Atlas-incubated Kymera leaps out of stealth mode, joins the hunt for game-changing protein degradation drugs
Protein degradation R&D isn’t new. Jay Bradner launched C4 Therapeutics to blaze the protein degradation approach just before he took the helm at the Novartis Institute of Biomedical Research, then recently formed a discovery alliance with UC Berkeley with the same basic approach in mind. Arvinas also has centered on protein degradation, building on the lab work of Yale’s Craig Crews.
But today there’s another startup joining the pioneers called Kymera, and the Cambridge, MA-based player is coming out of stealth mode today with a $30 million launch round and a development strategy created on the notion that there’s plenty of virgin territory for everyone to explore.
Nello Mainolfi, a Novartis vet, Kymera co-founder and chief technology officer, says it started back when he was sitting in Bruce Booth’s Atlas Venture office in late 2015 discussing the best way to jump into the protein degradation field — looking for ways to derisk target selection and go after some breakthrough therapies with game-changing potential.
That conversation would lead to some interchanges with some of the academics at work in the field — we’ll hear more about who that is at a later point — while they built a toolbox that could be used to efficiently degrade specific proteins of interest.
The concept behind these programs sounds simple enough. Where protein inhibition has created some advanced meds — specifically for diseases like prostate and breast cancer — degrading them could prove to be a much more durable solution. Hijacking the body’s ubiquitin-proteasome system that’s used to dispose of proteins, binding to proteins and marking them for destruction, they’re building a platform that can be used to stymie any disease-causing protein. But Booth notes that jumping from inhibition to degradation requires adding a third part to the equation, a math problem related to an enduring catalytic destruction of the target.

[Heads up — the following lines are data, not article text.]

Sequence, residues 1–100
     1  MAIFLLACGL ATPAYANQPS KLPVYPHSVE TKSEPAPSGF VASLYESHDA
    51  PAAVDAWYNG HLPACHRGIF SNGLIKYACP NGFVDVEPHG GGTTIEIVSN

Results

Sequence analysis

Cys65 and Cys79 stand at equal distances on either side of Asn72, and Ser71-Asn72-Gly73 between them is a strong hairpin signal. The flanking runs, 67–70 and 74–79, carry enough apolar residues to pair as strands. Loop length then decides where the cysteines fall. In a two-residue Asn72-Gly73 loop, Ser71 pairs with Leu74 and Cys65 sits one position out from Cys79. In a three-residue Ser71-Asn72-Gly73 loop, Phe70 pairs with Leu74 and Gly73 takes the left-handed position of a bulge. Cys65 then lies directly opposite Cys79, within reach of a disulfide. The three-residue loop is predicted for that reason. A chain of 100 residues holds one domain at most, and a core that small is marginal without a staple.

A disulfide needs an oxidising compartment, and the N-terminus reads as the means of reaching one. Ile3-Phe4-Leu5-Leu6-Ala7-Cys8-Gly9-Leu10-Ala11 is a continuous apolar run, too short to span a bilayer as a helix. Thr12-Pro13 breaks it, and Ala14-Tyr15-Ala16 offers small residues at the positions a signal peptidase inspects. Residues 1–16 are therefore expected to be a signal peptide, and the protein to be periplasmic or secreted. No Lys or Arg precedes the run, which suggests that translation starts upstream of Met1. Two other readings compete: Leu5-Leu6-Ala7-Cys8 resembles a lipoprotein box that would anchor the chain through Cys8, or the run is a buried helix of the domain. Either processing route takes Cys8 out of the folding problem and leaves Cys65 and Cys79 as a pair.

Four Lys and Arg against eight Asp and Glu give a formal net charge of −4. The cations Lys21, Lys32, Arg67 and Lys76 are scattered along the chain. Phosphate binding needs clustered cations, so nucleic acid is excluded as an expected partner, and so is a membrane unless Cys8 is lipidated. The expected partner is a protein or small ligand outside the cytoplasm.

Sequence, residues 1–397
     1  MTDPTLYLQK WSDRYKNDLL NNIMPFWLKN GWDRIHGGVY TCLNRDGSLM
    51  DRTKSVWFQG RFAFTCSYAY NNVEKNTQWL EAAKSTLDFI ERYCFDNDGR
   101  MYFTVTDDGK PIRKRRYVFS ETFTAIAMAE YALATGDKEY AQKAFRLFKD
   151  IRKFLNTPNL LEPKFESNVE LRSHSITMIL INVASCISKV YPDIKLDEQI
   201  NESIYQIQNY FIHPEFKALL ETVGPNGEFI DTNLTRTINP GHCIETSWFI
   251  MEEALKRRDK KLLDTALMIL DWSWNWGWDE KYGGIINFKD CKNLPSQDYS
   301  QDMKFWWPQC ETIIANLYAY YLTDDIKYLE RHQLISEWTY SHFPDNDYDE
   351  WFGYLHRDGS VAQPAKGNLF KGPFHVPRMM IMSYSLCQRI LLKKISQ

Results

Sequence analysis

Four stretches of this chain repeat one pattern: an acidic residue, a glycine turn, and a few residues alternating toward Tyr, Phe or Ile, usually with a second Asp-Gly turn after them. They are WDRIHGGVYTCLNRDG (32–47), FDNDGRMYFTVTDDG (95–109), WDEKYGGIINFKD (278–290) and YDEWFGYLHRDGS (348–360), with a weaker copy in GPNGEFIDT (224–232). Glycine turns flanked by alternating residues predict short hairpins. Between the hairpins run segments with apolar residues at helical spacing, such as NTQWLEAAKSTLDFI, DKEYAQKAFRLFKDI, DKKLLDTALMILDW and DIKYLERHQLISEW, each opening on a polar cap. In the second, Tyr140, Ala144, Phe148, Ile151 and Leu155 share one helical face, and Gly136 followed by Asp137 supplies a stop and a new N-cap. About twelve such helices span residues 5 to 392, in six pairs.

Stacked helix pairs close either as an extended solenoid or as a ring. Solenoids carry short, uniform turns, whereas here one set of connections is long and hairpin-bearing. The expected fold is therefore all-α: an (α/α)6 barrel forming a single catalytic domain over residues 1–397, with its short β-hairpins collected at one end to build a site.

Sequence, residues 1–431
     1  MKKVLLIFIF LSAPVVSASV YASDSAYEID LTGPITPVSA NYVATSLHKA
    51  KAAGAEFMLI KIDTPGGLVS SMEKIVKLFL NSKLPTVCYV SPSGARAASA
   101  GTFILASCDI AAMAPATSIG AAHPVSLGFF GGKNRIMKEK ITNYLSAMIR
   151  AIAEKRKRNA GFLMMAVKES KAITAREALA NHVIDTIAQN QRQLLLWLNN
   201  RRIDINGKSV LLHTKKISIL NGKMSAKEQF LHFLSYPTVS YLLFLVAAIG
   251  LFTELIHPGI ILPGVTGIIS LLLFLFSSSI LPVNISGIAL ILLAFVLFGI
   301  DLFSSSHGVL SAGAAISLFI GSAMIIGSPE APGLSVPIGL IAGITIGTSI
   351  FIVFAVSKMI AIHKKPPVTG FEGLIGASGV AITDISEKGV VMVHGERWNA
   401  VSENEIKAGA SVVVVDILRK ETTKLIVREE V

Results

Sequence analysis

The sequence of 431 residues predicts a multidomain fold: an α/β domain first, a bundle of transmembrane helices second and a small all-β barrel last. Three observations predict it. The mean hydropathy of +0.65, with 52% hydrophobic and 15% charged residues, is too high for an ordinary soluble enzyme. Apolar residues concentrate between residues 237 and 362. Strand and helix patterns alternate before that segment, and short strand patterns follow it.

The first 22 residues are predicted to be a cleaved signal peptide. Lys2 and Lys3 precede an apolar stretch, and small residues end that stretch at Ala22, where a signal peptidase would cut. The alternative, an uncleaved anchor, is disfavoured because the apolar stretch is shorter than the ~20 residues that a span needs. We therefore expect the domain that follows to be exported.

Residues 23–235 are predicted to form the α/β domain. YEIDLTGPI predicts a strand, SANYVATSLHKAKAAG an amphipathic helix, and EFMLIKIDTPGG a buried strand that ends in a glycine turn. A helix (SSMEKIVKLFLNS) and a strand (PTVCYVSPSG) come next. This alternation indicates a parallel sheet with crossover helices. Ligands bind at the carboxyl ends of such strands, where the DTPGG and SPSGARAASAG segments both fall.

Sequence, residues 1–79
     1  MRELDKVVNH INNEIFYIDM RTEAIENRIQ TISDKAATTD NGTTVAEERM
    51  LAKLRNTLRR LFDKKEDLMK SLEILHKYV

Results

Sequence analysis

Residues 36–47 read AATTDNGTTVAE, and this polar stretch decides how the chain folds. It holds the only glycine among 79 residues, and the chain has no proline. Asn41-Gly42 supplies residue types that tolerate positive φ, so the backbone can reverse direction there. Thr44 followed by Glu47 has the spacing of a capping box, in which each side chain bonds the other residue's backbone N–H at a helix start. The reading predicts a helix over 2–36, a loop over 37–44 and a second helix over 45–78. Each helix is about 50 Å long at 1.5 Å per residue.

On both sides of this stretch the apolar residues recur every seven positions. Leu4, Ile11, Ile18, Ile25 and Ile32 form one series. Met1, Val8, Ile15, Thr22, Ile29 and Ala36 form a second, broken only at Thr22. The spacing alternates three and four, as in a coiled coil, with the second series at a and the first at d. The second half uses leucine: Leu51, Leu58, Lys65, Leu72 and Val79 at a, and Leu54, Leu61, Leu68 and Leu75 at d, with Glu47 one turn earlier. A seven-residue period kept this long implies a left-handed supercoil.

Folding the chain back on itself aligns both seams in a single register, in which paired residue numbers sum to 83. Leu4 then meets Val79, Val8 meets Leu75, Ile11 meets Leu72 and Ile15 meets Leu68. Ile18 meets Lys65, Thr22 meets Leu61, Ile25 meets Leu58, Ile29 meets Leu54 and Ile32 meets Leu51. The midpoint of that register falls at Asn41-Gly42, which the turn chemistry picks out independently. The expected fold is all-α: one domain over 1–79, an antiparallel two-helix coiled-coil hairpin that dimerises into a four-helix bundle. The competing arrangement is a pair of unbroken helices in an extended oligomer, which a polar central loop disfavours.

And that’s really not simple at all. Booth wrote a blog about this, which explains the whole process in clear terms.
Over the past 18 months, the team at Kymera has grown to 12, and they’ve been using the seed cash to start the preclinical work needed to identify the first program to take into the clinic.
Laurent Audoly, another Big Pharma veteran who jumped from his job as R&D chief at Pierre Fabry to take the CEO’s post, says it’s still too early to say exactly what disease targets they’re going after, but all three of the principals are happy to identify the toll-like receptor and interleukin-1 pathway as their initial focus. And the new CEO plans to double the size of the staff over the course of the next year.
The goal, says Audoly, is to “mine a pathway in a very systematic manner.”
Kymera has all the classic earmarks of a Bruce Booth special. He brought in two corporate venture funds — Amgen and Lilly Ventures — to fund the A round after some efficient incubation work. Lab space was provided by LabCentral, which came with a “Golden Ticket” from J&J/JLABS. And like many Atlas startups, Booth and his colleagues will have already begun the work of lining up some marquee partners to do the work with — standard operating procedure for platform companies with a lot of potential drug targets to work with.